I often have mixed feelings about my current status. I am alive, and despite the invasive nature of my surgery, the and unpleasantness of chemotherapy, I am living a "normal" life. For example, I've enjoyed holidays and gone on camping trips, sometimes while undergoing treatment. I work, albeit on a volunteer basis, play guitar, take long walks, make dinner, clean house, and even--God forbid--drive. Sometimes my life is quite a bit like the lives of those who don't live in what NPR's Leroy Sievers called the "cancer world".
And since I've been off chemo, I've gained back some of the energy required to perform these daily activities, and therefore, can actually enjoy life. For this, I am grateful, and I am trying to make good use of the time I have been given.
Many other cancer patients aren't so lucky. Some don't survive as long as I have, and others are so disabled by their illness that they can't really enjoy the time they have left. I wish I could give them some of my good fortune, but I can only give them hugs, and understanding.
But I'm still in the cancer world, too. I am reminded of that every time I get a scan, every time I worry about the results of a scan, and every time I notice I'm still a little weak on one side from the surgery. I worry about the future; not so much about dying. I expect when the time comes, it will be easiest on me. It's thinking about what I haven't accomplished that troubles me.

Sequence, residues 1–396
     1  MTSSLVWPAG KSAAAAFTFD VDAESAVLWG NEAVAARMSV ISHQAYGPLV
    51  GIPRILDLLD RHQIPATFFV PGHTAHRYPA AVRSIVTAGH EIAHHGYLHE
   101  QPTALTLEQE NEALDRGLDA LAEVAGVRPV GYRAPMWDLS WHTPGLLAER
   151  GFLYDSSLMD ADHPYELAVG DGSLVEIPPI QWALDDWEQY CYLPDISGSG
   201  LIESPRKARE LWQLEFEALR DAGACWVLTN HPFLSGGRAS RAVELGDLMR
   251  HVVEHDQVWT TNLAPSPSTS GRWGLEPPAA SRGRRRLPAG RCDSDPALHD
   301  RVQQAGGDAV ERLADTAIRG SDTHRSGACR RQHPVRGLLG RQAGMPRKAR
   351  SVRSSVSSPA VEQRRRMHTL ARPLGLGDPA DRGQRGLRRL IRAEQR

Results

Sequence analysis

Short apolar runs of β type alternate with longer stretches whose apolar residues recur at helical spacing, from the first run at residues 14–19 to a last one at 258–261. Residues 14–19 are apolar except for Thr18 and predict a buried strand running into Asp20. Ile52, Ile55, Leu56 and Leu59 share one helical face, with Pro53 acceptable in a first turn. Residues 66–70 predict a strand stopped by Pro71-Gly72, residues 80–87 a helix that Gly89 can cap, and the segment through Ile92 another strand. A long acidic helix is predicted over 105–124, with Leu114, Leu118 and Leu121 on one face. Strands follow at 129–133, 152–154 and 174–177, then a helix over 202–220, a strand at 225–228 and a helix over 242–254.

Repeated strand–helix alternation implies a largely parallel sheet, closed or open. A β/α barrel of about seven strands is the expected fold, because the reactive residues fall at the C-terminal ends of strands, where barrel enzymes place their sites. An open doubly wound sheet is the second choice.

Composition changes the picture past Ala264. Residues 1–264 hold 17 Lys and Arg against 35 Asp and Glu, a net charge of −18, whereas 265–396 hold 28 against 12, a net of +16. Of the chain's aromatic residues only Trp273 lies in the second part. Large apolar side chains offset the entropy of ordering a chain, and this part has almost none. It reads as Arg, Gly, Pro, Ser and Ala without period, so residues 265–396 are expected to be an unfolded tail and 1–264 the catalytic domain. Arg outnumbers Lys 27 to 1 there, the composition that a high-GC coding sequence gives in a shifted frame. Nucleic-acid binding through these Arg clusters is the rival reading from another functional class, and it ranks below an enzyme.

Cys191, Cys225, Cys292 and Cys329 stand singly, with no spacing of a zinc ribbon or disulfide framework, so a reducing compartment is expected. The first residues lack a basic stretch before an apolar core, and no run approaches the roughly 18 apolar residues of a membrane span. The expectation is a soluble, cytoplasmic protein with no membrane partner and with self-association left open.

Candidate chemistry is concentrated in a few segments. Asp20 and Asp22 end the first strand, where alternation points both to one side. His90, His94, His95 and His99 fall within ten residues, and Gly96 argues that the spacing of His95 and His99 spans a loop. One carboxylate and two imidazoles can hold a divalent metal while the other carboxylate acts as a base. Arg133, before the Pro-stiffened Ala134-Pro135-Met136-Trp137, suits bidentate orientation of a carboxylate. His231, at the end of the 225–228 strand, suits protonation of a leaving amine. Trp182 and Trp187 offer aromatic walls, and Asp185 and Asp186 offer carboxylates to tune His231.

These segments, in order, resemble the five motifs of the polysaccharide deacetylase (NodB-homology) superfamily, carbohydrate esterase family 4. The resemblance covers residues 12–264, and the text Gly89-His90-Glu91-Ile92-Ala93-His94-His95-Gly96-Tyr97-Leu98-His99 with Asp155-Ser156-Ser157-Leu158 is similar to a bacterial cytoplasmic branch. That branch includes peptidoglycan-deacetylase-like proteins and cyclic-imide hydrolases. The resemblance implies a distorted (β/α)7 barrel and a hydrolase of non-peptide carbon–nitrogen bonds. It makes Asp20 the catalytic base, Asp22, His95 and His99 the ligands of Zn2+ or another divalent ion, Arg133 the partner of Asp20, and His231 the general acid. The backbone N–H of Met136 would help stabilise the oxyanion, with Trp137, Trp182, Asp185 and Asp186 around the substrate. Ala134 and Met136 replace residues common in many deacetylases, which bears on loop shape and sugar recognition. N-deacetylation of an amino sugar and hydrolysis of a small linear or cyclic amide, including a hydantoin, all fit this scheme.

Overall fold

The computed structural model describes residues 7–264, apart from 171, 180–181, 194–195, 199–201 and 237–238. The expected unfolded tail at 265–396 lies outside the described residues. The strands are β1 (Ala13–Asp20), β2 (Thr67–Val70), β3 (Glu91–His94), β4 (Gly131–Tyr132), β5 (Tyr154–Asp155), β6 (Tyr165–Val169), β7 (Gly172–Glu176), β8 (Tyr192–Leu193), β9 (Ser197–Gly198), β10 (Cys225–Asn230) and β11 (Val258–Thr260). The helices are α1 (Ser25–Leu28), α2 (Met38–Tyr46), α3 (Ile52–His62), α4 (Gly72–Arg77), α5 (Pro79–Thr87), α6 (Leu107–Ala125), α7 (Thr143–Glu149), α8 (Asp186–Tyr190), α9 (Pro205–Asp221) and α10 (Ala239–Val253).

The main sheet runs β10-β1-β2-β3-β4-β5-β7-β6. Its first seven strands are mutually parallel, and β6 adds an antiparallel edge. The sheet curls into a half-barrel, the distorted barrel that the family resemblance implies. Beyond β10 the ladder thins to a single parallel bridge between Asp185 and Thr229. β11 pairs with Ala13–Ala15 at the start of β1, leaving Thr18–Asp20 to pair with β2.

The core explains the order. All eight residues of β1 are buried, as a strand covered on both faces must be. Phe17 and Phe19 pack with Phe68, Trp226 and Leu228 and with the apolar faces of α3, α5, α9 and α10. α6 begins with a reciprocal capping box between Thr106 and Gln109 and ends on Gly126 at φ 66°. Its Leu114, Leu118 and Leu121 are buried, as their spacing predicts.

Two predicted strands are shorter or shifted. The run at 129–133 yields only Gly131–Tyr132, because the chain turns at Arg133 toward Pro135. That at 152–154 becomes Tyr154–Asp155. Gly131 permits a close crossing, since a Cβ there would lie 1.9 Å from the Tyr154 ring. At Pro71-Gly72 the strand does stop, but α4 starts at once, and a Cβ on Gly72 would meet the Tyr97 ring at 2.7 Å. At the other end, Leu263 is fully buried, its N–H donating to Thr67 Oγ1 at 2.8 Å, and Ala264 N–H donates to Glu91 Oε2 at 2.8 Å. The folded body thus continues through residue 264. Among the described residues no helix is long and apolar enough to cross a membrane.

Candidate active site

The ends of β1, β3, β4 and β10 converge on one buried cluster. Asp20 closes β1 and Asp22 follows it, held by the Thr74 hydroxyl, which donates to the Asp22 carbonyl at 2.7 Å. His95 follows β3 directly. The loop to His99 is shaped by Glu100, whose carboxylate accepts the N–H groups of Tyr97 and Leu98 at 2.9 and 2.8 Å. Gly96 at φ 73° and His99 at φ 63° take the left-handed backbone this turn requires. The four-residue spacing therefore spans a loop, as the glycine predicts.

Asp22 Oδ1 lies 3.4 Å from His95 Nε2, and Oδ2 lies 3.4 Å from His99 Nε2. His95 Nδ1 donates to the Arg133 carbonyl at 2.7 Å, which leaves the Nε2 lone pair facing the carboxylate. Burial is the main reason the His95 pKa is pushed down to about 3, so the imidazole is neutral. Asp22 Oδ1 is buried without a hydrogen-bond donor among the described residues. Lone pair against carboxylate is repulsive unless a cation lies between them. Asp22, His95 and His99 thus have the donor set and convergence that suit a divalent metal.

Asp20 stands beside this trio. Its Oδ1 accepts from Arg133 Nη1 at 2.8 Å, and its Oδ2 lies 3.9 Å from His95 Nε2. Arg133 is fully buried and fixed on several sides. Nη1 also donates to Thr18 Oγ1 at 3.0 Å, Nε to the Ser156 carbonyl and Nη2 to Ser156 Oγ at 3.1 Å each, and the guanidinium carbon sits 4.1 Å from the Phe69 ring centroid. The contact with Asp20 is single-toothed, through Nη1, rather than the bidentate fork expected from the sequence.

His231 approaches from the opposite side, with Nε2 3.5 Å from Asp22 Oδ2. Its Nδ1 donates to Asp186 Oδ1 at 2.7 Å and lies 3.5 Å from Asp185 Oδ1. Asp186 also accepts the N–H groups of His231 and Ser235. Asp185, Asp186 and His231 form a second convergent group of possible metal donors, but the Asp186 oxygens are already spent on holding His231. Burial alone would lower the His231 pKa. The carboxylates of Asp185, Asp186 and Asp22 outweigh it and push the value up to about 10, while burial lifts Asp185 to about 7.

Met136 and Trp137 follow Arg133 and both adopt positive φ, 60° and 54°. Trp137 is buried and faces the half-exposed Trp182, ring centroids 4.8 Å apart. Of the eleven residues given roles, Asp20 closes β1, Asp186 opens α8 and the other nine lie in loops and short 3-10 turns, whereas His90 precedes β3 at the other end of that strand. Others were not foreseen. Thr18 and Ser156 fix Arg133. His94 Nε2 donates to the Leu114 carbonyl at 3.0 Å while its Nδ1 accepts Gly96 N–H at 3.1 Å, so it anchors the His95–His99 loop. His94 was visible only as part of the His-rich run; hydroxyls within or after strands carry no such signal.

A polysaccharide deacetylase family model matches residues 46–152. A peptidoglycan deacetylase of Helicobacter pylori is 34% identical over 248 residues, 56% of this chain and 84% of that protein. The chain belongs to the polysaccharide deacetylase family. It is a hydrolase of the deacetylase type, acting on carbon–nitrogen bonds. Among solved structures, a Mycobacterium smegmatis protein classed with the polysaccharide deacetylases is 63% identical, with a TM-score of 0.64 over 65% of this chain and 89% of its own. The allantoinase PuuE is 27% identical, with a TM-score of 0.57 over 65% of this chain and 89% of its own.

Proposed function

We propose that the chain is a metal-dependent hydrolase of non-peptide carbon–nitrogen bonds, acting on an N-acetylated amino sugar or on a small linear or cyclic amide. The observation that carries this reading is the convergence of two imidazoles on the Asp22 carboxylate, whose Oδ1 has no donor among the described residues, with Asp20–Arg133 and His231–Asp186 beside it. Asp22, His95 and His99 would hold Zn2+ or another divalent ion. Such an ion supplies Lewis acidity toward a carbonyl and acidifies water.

For the moment though, I'm still alive to enjoy my husband's companionship and watch my son grow. So, I must focus on celebrating each day, one day at a time. And I must get busy setting some goals and trying to reach them while I have time.
I just feel sorry for those who don't get that chance. We must all remember that life is not a dress rehearsal, it's a live performance in which we must give our all until the final act.